The Private Sector Statement

From The Atlantic:

Joe Weisenthal of Business Insider has assembled a 24-slide show to illustrate what President Obama meant when he infamously said the private sector is “doing fine.” Below are the three key graphs. They don’t change the fact that, obviously, the private sector has a ways to go before its recovery is complete. But they’re powerful enough to make me wonder: What if Obama, rather than just try to walk back his unfortunate choice of words, trotted out some visual aids and spent 60 seconds explaining exactly what he meant? ‘Professorial’ can be a feature, not a bug.

The first graph illustrates that, since the end of Obama’s first year in office, private sector employment has indeed recovered steadily and is now back to where it was when he took office–around 111 million jobs.

About Scot McKnight

Scot McKnight is a recognized authority on the New Testament, early Christianity, and the historical Jesus. McKnight, author of more than fifty books, is the Professor of New Testament at Northern Seminary in Lombard, IL.

  • Jon

    Also notice that the scale in some of his charts help prove his point. Government shrinkage uses a much smaller scale than private sector growth. I would like to see these represented as percentages over previous years instead.

  • http://LostCodex.com DRT

    Jon,

    The numbers are awefully easy to compute

    Graph 1, change from beginning to end – 0 jobs

    Graph 2 – Change from beginning to end less than zero jobs

    Tongue in cheek aside, the actual numbers are:

    Graph 1 – Change from beginning to end 0%
    Graph 2 – Change from beginning to end -3.3%

    What is your point?

  • http://www.debatingobama.blogspot.com Greg Metzger

    Well said. This is a classic case of “gotcha”–not to say Obama hasn’t done plenty of that to others, but in terms of the substance of the matter he had a point.

  • http://LostCodex.com DRT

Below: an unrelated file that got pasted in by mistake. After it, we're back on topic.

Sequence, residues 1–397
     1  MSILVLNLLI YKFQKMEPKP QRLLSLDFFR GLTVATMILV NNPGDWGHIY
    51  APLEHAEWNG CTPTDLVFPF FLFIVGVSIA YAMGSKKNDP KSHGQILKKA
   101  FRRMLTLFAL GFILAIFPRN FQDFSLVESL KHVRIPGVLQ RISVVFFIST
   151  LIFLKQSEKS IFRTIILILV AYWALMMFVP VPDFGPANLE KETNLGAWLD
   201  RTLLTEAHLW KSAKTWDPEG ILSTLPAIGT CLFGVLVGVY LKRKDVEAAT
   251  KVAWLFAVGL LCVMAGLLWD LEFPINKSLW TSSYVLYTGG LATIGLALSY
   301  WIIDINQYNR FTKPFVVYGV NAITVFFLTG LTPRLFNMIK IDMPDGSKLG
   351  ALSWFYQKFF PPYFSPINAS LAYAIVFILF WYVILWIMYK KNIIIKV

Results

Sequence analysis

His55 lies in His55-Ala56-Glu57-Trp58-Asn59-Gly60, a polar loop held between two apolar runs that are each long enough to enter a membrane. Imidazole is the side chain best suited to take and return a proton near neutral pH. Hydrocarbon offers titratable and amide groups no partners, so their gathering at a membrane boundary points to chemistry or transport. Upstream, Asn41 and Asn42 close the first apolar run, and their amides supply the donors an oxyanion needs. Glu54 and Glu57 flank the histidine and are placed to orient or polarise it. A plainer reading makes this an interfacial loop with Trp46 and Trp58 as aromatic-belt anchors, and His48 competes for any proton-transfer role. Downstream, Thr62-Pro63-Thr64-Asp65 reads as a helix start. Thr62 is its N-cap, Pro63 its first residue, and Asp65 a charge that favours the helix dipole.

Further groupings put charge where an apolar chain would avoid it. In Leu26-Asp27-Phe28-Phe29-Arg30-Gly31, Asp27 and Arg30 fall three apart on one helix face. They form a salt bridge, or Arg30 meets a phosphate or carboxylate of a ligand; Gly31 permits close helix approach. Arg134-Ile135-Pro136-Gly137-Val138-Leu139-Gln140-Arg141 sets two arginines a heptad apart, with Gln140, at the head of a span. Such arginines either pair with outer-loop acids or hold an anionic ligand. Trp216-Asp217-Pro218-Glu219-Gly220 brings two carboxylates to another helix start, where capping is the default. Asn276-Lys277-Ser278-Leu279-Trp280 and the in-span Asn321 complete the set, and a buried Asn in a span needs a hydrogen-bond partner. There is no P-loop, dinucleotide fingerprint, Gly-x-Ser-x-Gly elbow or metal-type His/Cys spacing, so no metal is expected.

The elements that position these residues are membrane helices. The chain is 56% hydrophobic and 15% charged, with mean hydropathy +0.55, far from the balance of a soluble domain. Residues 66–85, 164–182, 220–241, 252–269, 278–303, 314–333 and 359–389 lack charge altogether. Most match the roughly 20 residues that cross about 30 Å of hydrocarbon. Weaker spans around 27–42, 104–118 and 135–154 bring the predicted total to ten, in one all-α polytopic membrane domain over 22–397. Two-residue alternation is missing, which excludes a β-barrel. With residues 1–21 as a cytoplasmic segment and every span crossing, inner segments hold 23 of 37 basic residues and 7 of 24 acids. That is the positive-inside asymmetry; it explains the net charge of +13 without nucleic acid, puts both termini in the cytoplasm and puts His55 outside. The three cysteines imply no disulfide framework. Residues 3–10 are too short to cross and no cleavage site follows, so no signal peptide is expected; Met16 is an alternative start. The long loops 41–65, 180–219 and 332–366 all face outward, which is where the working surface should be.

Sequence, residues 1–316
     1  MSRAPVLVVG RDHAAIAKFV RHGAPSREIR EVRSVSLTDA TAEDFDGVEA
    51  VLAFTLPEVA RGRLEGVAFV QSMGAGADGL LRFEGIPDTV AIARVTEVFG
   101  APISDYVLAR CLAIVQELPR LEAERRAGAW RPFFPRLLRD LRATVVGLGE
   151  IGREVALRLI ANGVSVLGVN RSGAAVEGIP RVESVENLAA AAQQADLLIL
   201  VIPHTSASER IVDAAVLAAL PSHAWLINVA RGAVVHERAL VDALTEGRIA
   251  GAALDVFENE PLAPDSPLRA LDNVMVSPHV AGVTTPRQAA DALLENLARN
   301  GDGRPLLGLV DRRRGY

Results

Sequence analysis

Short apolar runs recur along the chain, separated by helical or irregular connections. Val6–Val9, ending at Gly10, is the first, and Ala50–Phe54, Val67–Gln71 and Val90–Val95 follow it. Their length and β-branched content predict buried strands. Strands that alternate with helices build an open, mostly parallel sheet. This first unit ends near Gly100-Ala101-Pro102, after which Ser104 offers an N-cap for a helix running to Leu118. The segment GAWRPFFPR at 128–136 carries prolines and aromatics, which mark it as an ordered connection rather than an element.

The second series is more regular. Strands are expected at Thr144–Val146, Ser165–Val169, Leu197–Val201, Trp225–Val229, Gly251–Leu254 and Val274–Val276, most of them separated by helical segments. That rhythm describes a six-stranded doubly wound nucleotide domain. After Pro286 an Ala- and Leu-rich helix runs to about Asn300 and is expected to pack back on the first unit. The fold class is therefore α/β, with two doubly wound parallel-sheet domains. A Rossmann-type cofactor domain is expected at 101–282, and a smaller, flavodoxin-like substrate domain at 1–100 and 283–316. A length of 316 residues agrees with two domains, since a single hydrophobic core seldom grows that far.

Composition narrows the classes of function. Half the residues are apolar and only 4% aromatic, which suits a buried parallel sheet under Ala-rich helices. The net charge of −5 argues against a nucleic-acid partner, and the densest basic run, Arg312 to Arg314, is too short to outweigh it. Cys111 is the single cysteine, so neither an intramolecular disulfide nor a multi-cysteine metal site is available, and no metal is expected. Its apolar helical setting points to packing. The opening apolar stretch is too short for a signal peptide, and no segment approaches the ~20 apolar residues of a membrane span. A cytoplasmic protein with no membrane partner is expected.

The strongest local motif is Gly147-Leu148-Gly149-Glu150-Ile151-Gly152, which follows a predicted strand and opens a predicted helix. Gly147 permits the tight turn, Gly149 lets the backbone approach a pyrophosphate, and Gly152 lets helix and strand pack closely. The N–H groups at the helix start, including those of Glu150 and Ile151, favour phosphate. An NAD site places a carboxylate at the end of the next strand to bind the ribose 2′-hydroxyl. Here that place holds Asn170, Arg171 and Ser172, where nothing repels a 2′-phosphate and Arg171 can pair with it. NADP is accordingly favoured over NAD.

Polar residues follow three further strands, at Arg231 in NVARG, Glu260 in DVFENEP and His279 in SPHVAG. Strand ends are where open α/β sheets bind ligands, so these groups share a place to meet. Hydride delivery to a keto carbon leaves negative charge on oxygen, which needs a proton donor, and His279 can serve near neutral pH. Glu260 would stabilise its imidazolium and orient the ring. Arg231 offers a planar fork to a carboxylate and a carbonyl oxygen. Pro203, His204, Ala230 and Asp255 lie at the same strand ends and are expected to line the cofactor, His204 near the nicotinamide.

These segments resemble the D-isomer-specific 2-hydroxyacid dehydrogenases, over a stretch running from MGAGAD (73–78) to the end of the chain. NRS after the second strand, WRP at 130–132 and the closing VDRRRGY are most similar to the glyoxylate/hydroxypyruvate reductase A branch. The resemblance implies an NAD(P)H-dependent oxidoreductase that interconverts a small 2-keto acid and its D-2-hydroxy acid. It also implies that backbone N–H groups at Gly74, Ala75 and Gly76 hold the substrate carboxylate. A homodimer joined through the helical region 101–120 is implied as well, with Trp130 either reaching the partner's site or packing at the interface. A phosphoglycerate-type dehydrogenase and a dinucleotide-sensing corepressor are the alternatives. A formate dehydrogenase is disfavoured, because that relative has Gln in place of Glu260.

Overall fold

The article is quite interesting, and rather that us sit around and say that Obama does not know what he is doing, or that he made a mistake in not trotting out the graphs, it is much more interesting to assume that he indeed did know what he was doing and then we should try to ascertain what that means.

    - It means that he felt that the message would be lost on the average voter. That the average voter would never see the charts and instead would rely on their usual sources to get their information

    - It means that the “out of touch” narrative that the right will espouse is not more harmful than the “out of touch” narrative that they would espouse having seen the graphs. And given the average person will immediately tune out the graphs, I suspect he is right.

    - It means that he does not feel that he has to fight each and every battle, that he feels it is fine to concede some of these early ones.

    - It means that he is likely not out of touch and that he has a pretty good plan to hammer that home in the future. If he is out there pounding jobs jobs jobs and there is little ambiguity about that then this will never be an issue.

    I think that last speculation is the real meat here.

  • AHH

    Greg M. @3 makes a vital point.
    These “gotcha” moments, taking something out of context and blowing it up (whether the target is Obama’s “private sector” remark or Romney’s comment about liking to fire people) debase the political process and should be rejected.

  • http://restoringsoul.blogspot.com Ann F-R